EIA: Biomass power production, wood heating to increase in 2017

By Erin Voegele | November 10, 2016

The U.S. Energy Information Administration has released the November edition of its Short-Term Energy Outlook, predicting nonhydropower renewables will generate 8 percent of U.S. utility-scale electricity in 2016 and 9 percent in 2017.

The U.S. is expected to generate 112,000 MWh per day of electricity from biomass this year, increasing to 118,000 MWh per day in 2017. Generation from waste biomass, however, is expected to fall, from 59,000 MWh per day this year to 58,000 MWh per day next year.

The electric power sector is expected to consume 0.234 quadrillion Btu (quad) of waste biomass this year, increasing to 0.267 quad next year. The sector is also expected to consume 0.279 quad of waste biomass this year, falling to 0.272 quad next year.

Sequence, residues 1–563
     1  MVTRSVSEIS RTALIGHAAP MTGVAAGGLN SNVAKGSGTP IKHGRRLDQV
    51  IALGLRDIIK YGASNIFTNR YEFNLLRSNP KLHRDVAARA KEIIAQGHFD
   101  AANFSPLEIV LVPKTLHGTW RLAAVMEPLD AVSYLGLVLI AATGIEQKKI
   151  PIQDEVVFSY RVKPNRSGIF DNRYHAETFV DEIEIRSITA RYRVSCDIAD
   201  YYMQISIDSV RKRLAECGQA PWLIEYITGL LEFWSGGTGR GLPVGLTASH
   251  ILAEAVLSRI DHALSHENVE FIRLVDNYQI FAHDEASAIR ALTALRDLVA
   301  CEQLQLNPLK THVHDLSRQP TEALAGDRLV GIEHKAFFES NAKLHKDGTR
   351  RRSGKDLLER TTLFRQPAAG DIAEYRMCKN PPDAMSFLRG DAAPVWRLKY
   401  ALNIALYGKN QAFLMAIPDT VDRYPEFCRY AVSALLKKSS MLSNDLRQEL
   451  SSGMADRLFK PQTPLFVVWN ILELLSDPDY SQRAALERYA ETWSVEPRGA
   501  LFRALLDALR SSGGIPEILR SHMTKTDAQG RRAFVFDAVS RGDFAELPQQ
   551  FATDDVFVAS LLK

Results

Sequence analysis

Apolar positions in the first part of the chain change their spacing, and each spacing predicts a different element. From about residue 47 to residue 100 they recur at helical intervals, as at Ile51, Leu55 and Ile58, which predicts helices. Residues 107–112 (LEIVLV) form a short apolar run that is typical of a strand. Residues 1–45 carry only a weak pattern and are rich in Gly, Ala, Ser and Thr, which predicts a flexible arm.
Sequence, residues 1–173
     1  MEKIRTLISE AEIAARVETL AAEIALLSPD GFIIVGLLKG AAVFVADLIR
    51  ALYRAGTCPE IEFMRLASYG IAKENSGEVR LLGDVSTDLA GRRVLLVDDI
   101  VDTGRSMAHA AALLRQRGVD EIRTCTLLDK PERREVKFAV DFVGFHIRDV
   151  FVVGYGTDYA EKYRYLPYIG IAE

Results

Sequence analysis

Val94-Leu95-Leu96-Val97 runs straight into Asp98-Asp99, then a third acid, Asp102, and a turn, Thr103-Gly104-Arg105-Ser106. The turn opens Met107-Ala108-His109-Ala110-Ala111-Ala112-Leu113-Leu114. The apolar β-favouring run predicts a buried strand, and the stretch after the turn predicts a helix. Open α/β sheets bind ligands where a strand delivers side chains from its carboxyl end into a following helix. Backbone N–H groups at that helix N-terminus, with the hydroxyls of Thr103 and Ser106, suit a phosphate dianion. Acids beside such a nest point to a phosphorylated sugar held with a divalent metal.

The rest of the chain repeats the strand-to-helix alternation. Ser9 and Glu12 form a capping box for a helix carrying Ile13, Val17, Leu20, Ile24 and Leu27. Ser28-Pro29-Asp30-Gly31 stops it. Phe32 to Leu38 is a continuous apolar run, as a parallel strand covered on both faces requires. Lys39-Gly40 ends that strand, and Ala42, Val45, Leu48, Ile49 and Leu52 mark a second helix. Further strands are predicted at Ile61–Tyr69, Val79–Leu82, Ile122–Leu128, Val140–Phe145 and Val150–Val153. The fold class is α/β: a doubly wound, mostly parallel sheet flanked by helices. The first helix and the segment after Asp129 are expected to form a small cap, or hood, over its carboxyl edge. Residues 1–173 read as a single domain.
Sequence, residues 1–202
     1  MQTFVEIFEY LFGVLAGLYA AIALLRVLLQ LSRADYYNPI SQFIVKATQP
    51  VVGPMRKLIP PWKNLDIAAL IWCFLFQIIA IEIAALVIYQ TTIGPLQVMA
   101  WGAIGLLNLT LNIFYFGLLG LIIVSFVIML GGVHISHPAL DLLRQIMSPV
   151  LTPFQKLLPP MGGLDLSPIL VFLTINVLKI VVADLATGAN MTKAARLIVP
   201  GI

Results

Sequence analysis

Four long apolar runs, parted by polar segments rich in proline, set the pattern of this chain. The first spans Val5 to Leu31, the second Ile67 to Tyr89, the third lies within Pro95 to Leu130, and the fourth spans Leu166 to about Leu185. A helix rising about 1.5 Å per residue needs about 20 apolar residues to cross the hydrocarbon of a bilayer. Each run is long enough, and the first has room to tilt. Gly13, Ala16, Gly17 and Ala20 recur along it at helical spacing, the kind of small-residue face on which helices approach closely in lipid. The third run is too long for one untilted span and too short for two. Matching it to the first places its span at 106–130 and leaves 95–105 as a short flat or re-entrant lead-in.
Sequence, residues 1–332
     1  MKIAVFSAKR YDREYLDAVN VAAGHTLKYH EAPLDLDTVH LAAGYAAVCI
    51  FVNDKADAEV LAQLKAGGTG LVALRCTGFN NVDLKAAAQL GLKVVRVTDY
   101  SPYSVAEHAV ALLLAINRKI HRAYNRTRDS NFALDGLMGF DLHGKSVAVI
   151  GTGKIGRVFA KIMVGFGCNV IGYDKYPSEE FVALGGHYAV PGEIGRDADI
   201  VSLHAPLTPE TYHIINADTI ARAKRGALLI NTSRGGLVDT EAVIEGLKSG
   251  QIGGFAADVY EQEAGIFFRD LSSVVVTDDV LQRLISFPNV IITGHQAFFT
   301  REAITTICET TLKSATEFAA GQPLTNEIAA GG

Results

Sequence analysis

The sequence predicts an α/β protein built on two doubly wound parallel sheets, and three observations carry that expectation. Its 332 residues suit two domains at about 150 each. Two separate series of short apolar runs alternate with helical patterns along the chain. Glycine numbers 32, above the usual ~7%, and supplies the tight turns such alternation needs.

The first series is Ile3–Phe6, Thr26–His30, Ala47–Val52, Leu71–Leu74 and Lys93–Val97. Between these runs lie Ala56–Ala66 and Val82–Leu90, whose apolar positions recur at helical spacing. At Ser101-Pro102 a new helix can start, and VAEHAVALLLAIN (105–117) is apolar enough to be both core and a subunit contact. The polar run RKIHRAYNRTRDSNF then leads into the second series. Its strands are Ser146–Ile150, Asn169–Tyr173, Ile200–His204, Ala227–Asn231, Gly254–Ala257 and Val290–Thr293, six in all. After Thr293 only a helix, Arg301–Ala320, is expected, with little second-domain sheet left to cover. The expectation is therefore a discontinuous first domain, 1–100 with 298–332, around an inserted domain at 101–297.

The industrial sector is expected to consume 1.257 quad of wood biomass this year, falling to 1.232 quad next year. The consumption of waste biomass is expected to increase, from 0.192 quad this year to 0.195 quad next year.

The commercial sector is expected to consume 0.074 quad of waste biomass this year, increasing to 0.078 quad next year. The sector is also expected to consume 0.048 quad of waste biomass in both 2016 and 2017.

The residential sector is expected to consume 0.400 quad of wood this year, increasing to 0.426 quad next year.

The November STEO also predicts 2.48 million U.S. households will use wood as a primary heating fuel during the 2016-’17 winter, up 1.3 percent compared to the previous winter. This includes 536,000 households in the Northeast, down 0.9 percent; 612,000 households in the Midwest, up 1.7 percent; 601,000 households in the South, up 3.4 percent; and 731,000 households in the West, up 1 percent.